During a hurricane, torrential rains can cause dangerous flooding. Roads turn into rivers, and stranded residents flee to their rooftops.
Stephanie Herring of the National Oceanic and Atmospheric Administration says that as the climate warms, rainfall during hurricanes is growing more extreme.
“It is likely that greenhouse warming is going to cause hurricanes in the coming century to be more intense globally and have those higher rainfall rates than present day hurricanes,” she says.
Herring explains that the warming atmosphere can hold more water. She compares it to a sponge.
“In a cooler atmosphere, the sponge can only hold so much water,” she says. “In a warmer atmosphere, that sponge can just hold more water. And so as you wring that sponge out, you’re capable of getting some of those more extreme precipitation events.”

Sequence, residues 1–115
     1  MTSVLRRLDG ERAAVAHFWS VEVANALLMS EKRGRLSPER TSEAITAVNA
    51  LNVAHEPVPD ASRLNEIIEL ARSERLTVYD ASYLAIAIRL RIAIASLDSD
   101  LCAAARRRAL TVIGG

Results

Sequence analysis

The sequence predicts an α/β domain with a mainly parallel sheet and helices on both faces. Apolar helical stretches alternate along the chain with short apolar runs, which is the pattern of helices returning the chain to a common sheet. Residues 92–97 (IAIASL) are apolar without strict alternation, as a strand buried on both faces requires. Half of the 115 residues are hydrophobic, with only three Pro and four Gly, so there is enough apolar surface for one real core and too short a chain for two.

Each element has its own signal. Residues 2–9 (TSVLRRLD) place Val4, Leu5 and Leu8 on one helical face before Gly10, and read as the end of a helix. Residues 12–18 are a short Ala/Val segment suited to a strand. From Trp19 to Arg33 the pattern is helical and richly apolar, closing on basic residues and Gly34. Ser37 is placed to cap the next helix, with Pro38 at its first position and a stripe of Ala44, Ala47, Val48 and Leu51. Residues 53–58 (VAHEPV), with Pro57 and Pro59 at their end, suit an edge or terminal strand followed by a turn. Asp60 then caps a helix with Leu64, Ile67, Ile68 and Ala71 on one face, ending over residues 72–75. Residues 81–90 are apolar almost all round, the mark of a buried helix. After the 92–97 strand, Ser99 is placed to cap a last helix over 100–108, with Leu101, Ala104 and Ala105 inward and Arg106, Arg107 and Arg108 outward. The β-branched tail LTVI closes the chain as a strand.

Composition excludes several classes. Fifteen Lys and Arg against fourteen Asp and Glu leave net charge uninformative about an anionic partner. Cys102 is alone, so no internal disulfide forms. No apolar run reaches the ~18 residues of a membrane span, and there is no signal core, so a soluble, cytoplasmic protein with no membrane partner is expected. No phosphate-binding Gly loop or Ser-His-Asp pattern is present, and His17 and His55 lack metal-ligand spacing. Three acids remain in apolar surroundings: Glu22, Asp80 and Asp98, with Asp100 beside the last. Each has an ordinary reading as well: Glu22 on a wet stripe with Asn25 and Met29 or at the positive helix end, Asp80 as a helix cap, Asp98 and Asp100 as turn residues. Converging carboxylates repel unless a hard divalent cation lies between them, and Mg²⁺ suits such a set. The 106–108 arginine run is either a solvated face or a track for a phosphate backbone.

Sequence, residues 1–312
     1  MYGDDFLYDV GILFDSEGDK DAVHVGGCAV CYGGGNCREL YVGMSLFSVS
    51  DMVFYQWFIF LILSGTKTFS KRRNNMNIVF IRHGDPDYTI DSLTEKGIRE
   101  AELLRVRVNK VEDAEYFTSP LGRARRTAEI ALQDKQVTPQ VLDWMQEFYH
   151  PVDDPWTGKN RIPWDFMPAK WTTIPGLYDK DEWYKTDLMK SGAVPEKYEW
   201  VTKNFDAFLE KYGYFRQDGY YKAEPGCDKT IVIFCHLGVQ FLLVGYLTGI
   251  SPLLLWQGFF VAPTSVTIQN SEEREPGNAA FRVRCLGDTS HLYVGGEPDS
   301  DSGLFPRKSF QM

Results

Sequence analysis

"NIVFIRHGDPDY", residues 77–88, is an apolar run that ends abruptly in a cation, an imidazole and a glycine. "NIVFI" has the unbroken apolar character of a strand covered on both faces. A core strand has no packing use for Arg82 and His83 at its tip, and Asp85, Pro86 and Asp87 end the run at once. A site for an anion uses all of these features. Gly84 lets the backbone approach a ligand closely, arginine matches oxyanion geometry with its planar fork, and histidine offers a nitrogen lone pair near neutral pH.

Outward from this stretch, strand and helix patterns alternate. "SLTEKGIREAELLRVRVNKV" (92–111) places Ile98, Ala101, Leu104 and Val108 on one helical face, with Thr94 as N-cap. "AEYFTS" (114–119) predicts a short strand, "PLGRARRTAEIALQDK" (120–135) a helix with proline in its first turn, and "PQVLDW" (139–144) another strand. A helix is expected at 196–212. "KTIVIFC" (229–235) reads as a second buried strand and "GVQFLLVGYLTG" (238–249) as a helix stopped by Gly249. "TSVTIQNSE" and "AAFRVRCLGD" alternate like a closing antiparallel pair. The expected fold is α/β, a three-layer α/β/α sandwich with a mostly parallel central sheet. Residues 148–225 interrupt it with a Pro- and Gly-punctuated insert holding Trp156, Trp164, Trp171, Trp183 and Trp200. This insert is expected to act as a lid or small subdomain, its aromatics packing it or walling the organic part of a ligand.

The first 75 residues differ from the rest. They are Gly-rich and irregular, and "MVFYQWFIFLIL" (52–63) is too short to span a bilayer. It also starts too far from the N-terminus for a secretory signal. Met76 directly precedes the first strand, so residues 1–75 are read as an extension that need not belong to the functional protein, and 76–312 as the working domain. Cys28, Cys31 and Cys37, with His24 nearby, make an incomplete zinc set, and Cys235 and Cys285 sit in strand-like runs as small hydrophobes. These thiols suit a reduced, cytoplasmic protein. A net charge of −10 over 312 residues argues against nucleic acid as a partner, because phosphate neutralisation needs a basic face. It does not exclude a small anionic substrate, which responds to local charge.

Meanwhile, powerful storm surge can cause ocean water to barrel ashore, flooding coastal communities. And rising seas are driving storm surges higher.
Flooding and storm surges cause more than three-quarters of hurricane-related deaths in the U.S.
So as rainfall and storm surges intensify, the devastation caused by hurricanes is expected to grow, and people and communities need to prepare.
Reporting credit: Sarah Kennedy/ChavoBart Digital Media